Sleep, sports, Palin, and the bailout
Here are six news articles that have caught my eye this week. I’ll start with the stuff that has nothing to do with the bailout or Sarah Palin – news about college kids who don’t sleep enough and a column on sports overdogs. (Cany, the last article in the list, about Palin, is especially for you.) Also, to those of you on my blogroll (especially James and Mimi!), it’s been a busy few weeks, but you should see me in your Sitemeters once again before the week is out. :)
So, first up from the Boston Globe: “Colleges calling sleep a success prerequisite”. There’s lot of junk out there that purports to know the younger generation, but this one actually gets it right. The article quotes several students on why they don’t sleep enough, presents data that shows the trend is getting worse, and discusses university programs aimed at combating the problem. It’s both thorough AND accurate, a combination you rarely see in mainstream reporting anymore.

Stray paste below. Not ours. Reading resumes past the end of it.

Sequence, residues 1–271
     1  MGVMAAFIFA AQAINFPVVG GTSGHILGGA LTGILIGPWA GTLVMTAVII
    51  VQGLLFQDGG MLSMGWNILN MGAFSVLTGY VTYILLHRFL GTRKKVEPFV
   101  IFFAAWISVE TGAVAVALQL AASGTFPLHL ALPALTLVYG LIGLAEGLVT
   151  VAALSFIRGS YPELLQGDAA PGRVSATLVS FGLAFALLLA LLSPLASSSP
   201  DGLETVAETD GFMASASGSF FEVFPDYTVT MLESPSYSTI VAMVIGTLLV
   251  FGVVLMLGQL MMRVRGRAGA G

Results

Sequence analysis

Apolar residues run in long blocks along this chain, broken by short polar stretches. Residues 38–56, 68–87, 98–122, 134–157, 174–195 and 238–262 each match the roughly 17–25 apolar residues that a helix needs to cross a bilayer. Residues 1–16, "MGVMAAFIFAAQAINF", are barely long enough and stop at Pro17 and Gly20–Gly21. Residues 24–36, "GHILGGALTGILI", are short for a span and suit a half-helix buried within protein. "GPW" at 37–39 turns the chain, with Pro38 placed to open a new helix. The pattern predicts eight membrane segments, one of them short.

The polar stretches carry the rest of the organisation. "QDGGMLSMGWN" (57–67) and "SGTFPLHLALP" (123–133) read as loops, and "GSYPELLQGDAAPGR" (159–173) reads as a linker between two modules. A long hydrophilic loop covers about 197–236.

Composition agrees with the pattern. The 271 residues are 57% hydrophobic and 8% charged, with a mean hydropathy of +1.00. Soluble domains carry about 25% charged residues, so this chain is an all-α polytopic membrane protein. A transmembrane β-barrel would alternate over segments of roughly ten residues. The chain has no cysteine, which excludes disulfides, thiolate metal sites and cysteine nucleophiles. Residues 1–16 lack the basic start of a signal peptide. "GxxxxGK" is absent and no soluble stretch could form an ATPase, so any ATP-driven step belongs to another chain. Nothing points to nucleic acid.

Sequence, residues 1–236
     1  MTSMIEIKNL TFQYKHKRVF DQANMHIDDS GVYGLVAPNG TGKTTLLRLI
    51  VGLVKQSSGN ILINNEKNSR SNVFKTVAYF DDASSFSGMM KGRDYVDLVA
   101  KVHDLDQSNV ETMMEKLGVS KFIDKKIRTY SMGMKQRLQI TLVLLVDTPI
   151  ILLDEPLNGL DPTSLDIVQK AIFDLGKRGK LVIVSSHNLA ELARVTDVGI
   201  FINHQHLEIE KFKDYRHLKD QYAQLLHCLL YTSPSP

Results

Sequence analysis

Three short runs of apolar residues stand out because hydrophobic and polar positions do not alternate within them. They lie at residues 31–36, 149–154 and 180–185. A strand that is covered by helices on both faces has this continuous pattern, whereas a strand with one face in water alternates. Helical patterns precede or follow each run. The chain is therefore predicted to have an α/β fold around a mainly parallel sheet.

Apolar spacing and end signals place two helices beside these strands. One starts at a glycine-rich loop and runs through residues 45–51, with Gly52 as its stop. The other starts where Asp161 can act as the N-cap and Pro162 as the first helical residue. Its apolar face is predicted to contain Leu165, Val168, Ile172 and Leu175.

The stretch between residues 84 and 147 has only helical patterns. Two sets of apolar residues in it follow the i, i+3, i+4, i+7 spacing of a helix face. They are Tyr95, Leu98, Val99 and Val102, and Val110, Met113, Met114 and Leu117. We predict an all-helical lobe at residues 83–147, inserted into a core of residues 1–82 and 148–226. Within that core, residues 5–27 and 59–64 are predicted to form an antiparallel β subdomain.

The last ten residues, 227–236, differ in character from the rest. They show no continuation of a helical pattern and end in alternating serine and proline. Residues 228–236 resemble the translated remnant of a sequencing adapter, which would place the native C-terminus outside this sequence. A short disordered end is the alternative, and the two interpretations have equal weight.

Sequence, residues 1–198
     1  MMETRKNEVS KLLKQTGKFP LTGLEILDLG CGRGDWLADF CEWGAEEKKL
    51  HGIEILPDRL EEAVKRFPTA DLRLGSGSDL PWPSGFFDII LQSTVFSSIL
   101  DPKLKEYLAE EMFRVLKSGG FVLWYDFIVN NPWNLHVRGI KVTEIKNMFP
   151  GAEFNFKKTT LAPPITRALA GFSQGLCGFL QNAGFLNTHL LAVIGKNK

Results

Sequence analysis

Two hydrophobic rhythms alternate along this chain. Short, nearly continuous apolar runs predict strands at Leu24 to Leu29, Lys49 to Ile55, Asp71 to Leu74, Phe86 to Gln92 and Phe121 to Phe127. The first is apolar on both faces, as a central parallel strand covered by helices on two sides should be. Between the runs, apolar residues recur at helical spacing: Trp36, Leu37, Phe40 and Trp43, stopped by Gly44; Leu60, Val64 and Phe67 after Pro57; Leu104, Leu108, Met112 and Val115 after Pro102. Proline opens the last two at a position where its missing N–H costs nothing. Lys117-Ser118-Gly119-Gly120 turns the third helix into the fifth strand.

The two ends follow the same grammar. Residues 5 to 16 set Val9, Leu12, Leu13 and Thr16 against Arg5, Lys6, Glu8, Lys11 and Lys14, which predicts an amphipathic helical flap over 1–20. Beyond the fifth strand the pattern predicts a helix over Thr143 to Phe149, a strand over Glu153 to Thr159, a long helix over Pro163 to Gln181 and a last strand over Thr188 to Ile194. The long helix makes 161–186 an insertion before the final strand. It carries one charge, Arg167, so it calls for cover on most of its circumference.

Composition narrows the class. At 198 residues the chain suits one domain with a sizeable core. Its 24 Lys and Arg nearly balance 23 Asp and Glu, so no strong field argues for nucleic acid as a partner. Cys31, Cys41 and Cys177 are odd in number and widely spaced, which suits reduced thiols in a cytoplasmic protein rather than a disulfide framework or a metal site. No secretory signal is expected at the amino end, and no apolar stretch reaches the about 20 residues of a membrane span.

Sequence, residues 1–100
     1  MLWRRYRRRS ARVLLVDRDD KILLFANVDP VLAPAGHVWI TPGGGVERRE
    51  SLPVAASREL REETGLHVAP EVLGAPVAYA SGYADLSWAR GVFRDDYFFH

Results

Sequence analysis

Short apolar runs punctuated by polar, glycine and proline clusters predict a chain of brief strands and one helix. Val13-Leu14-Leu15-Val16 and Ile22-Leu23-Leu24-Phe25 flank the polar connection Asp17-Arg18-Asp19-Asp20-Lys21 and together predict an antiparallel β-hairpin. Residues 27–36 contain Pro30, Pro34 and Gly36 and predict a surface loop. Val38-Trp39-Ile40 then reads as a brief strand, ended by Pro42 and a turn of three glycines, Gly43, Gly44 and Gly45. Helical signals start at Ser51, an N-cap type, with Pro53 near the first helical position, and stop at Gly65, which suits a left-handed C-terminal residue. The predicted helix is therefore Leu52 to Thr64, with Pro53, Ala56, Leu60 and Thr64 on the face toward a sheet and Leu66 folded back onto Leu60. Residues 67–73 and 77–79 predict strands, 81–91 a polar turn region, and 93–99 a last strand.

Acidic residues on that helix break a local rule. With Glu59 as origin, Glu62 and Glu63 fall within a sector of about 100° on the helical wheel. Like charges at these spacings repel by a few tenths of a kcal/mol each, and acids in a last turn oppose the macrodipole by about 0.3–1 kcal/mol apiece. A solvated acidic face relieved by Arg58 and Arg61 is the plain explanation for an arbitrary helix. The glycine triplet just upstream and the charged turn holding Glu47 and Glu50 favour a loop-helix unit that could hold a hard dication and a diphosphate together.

"For college students, sleep is the most dispensable thing," said Dr. Vanessa Britto, director of health services at Wellesley. "Most people feel it's a badge of honor. 'I didn't sleep. Parentheses, aren't I great?' Until you point out to them that pulling an all-nighter is the equivalent of driving drunk and is detrimental to their reaction time and memory."…
With 24 hours of online entertainment available, students today are tempted by myriad diversions other than school books. They're gambling, catching up on their favorite television shows, playing video games, or chatting with virtual friends - then trying to study into the wee hours of the morning.
"It's like, well, I could do my calculus homework or it sounds like the girls next door are doing something fun so I'll just walk over there," said Kelsey Barton, a freshman at Tufts, who said she has been averaging about three hours of sleep a night since starting college this month. "I don't want to miss out.”